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USDA Busts a Healthy Food Cost Myth

Farmers know the old saw, 'fresh fruits and veggies are too expensive' but a USDA study says they aren't.

Published on: May 18, 2012

This week USDA's Economic Research Service released a report that breaks down a long-held myth that says unhealthy foods are cheaper than healthy foods and that's the cause of health problems and obesity. Many diets fall short of Federal recommendations due to this challenge and nutrition researchers and food writers have blamed cost.

Andrea Carlson, of ERS, and her colleague Elizabeth Frazao wanted to look at other price measures beyond price per calorie as a beginning point to answer the question of whether price is a hurdle to making wiser food choices, They calculated price in three ways: price per calorie, price per edible weight and price per average amount eaten.

POUND FOR POUND: When measured by edible weight or portion size, healthy foods are less expensive than protein and other sources.
POUND FOR POUND: When measured by edible weight or portion size, healthy foods are less expensive than protein and other sources.

They looked at 4,000 foods and sorted them into five categories - dairy, grain, protein, fruits and veggies. "Less healthy category foods and those high in saturated fat, added sugars and or sodium were left out," Carlson says.

What they found is that you can always find inexpensive healthy food no matter what metric you use. Of the five food groups, vegetables came in more expensive than meat, fruit was in the middle, then dairy and finally grains.

What Carlson and her colleague reached three conclusions:

This chart shows how meauring healthy foods using the right criteria can pay off on the long run.
This chart shows how meauring healthy foods using the right criteria can pay off on the long run.

There is always a range of prices including less expensive healthy items and more expensive healthy items.

Consumers need to be aware of how the price is measured and if it tells about eating a healthy diet.

Healthy foods are not more expensive than less healthy foods.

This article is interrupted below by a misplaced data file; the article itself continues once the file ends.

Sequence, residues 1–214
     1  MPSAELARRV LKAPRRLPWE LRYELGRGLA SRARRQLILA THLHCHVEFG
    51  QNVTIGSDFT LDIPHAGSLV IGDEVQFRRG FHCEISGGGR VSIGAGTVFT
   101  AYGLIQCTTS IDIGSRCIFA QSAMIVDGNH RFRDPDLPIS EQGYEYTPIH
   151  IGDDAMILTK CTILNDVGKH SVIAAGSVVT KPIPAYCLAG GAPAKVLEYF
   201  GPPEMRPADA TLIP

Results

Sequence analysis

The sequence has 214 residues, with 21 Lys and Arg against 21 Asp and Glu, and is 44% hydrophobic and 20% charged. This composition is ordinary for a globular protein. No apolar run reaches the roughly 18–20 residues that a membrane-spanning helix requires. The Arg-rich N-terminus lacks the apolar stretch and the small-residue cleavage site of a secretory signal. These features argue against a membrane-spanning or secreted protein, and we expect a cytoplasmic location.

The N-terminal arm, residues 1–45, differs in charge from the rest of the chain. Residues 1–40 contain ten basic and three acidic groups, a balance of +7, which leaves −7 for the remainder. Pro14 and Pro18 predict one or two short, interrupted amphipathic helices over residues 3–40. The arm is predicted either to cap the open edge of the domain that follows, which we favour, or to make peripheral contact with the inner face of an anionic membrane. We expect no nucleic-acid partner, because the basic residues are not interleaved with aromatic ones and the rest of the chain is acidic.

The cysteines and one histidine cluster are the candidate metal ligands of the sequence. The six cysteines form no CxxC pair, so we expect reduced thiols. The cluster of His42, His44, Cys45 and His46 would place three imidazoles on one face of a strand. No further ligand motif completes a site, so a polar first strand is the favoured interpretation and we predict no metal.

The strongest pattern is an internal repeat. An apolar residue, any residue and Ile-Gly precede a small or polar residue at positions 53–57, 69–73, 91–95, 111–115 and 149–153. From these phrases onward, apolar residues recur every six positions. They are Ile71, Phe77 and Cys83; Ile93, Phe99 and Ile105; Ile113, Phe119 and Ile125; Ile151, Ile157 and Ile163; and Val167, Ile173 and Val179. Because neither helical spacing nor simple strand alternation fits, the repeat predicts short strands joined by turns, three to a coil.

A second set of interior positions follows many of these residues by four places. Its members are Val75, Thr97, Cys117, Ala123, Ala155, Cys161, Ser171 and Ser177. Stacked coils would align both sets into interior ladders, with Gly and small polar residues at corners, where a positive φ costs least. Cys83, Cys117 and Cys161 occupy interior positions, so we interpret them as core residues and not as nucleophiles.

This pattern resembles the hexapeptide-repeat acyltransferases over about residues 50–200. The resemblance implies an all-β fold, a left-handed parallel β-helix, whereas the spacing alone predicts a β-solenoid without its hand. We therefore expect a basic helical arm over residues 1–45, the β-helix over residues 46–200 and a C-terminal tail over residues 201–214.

Essentially, the report shows that smart shoppers will win out if they keep measurements correct. For grains, vegetables, fruits and dairy foods, the price is less expensive than most protein foods and foods high in saturated fat when the price is measured for edible weight or average portion size. The chart on this page offers added detail. Or click to check out the whole report.

Story Tags: usda

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  1. Anonymous says:

    One can also find better quality, healthier and less expensive food choices at local farmers markets! Check out one near you and get to know the farmer who grows your food. Not only is it a good idea to have a good doctor and mechanic, but also a good farmer or several who you can buy much of your food from direct. This helps rural economies and cuts down dramatically on greenhouse gases with the average distance from farm to table about 1500 miles. Eat local!

  2. Anonymous says:

    I dont think healthy food is necessarily more expensive unless your shopping at a health food store which I notice is always couple dollars more. Its that fresh produce dont last long, you either dont eat it right away & goes bad or you eat it right away & you have to go go grocery shopping more often, either way that's where your spending more money so it ends ups being counterproductive. You could grow your own garden & you can save a bundle, however that has its own expenses especially if you dont have good soil & have to have it brought in every year. I like frozen produce & I dont mind tomato plants you can freeze whole tomatoes just as they are.